Being professional and managing your identity
This new podcast has been causing quite the discussion on Twitter this morning and I thought I’d take a moment with a few thoughts. The podcast is this one and you might want to listen to it, for the first couple minutes, but it will be truly be a waste of your time and will leave you feeling dirty about some of the other people in your profession. Sexist, racist, homophobic, they run the full gamut. One person was brave enough to post on forums.asp.net “announcing” the podcast with his normal user account, but it got deleted as the podcast is quite inappropriate. He had another post looking for contributors, but that whole thing is besides my point. I won’t link to him to spare him additional Google hits to damage what remains of his credibility. And I don’t want to necessarily talk about the podcast.
I want to talk about professionalism and your brand.
It is kind of ironic that the podcast talks about how you should always be professional in your code comments while producing what they did (think beyond just code comments). In this day and age, the internet is pervasive and data is everywhere. Google crawls everything, and it remembers everything. The post looking for contributors talks about other podcasts being “careful about how they talk”. When its online, it isn’t about being careful how you talk, or even being professional. It is about managing your identity.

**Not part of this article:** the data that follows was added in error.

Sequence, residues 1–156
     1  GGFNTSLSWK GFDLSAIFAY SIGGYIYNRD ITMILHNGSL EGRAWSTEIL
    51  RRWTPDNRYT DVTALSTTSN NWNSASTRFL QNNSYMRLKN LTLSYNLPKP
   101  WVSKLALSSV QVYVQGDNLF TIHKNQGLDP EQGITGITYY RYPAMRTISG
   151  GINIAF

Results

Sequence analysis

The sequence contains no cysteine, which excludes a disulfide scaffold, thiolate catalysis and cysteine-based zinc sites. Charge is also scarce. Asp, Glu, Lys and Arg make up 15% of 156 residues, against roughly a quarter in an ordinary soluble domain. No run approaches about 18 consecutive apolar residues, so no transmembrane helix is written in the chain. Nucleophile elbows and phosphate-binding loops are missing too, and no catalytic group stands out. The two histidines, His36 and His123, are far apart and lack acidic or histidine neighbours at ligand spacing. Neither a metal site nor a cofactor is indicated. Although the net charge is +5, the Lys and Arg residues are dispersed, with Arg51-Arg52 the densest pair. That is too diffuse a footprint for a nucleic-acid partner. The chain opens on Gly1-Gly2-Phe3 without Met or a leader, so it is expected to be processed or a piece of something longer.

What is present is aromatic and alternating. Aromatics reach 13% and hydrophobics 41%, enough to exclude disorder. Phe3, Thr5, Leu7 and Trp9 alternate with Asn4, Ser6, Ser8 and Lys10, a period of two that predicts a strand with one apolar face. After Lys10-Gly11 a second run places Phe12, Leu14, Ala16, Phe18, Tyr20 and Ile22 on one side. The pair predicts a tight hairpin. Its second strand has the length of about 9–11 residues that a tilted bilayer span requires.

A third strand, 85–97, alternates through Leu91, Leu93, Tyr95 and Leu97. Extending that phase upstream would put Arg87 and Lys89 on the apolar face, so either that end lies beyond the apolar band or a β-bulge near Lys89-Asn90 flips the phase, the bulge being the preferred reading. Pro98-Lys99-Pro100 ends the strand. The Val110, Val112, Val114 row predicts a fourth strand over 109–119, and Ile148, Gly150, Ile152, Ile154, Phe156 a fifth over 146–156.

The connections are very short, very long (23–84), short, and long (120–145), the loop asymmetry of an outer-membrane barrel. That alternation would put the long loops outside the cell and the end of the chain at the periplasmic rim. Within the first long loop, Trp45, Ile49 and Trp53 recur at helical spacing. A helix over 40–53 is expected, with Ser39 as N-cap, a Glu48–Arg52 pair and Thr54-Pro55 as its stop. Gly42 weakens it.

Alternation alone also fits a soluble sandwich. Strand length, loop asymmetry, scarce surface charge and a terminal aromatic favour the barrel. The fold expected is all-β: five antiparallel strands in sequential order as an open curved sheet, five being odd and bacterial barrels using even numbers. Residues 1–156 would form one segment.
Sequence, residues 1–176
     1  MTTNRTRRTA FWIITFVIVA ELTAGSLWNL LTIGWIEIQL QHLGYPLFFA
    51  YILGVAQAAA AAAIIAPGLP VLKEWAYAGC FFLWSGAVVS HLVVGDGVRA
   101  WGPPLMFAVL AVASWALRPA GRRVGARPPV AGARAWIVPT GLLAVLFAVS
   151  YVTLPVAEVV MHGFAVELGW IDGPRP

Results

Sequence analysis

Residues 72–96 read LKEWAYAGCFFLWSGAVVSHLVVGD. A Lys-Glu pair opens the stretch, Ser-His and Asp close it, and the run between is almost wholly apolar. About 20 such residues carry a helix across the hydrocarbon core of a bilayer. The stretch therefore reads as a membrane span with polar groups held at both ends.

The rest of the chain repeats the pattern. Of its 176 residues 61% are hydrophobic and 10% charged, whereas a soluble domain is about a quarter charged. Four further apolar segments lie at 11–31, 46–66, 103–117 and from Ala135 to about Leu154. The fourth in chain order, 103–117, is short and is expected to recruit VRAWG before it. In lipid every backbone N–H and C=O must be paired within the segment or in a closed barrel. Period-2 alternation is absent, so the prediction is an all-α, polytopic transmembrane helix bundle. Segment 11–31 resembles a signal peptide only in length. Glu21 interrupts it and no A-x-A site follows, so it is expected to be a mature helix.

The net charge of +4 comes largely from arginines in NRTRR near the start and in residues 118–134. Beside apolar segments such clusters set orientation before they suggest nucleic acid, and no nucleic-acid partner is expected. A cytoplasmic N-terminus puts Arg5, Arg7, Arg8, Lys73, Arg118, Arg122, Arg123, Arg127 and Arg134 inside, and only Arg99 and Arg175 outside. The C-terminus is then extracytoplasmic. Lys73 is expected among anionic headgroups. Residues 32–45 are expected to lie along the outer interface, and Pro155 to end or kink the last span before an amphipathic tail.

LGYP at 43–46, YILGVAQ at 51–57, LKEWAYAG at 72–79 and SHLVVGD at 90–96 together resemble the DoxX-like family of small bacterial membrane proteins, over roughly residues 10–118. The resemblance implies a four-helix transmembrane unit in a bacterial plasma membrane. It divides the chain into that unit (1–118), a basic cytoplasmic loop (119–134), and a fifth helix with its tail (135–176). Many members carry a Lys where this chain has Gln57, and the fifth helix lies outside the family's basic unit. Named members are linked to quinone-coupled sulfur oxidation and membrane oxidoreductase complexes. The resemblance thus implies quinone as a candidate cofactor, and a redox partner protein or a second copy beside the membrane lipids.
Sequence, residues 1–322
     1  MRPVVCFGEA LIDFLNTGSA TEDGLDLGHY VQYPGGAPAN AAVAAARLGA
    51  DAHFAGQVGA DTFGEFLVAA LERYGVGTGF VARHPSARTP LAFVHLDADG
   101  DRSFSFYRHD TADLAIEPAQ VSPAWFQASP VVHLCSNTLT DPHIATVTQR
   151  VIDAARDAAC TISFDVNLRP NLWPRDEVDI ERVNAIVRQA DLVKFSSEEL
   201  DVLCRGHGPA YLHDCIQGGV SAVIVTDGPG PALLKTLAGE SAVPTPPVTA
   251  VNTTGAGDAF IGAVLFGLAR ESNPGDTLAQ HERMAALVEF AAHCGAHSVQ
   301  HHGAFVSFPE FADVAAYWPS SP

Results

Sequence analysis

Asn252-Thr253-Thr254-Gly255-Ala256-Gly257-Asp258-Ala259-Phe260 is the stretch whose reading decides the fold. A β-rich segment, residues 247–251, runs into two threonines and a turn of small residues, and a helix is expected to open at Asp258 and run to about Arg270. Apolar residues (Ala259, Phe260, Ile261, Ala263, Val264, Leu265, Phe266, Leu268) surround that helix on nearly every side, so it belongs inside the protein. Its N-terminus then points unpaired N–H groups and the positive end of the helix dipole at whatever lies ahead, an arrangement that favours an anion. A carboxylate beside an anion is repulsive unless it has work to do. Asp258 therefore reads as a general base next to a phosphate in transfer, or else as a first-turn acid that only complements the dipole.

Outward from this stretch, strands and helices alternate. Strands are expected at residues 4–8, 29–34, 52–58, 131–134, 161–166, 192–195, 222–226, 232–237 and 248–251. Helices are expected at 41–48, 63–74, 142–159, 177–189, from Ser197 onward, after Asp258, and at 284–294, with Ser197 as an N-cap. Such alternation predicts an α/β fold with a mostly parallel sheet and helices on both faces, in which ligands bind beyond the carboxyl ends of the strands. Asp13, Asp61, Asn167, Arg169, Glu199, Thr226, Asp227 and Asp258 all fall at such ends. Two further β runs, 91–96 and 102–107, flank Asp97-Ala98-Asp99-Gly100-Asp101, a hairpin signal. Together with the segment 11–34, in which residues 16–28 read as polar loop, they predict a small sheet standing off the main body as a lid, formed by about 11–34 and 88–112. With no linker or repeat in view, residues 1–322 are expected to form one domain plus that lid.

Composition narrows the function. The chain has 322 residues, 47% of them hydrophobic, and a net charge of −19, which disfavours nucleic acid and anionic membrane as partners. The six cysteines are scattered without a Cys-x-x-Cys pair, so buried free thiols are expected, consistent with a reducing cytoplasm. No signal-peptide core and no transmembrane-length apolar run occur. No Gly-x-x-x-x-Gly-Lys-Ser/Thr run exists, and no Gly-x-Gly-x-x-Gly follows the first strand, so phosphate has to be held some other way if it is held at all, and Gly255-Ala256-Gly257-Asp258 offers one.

The days of “dress to impress” are over. You are no longer judged just by how you physically present yourself, you are your Google results. You could go into a job interview dressed to the T, well presented and the pillar of what they are looking for. But its becoming more common where they’ll Google your name and finding out who you really are.
What you do online stays with your forever. You don’t need to be prim and proper by any means. Just use common sense. You are managing your brand. What your coworkers see, your family, your future employers. You can be bold and opinionated, you can still speak your mind, but do it intelligently. Something like that single podcast can ignite a fire of comments and posts, links, name mentions, and then when someone Google’s your name, they’ll find your drunk rants And it can be hard to manage your brand once it has taken off like that.
A while ago, I’d found this presentation through Twitter about “Evangelizing Yourself” by Whitney Hess. It is chalked full of wisdom. Listen to it (the play button has the audio, I missed that at first). It is all about what I’m trying to say and says it much better.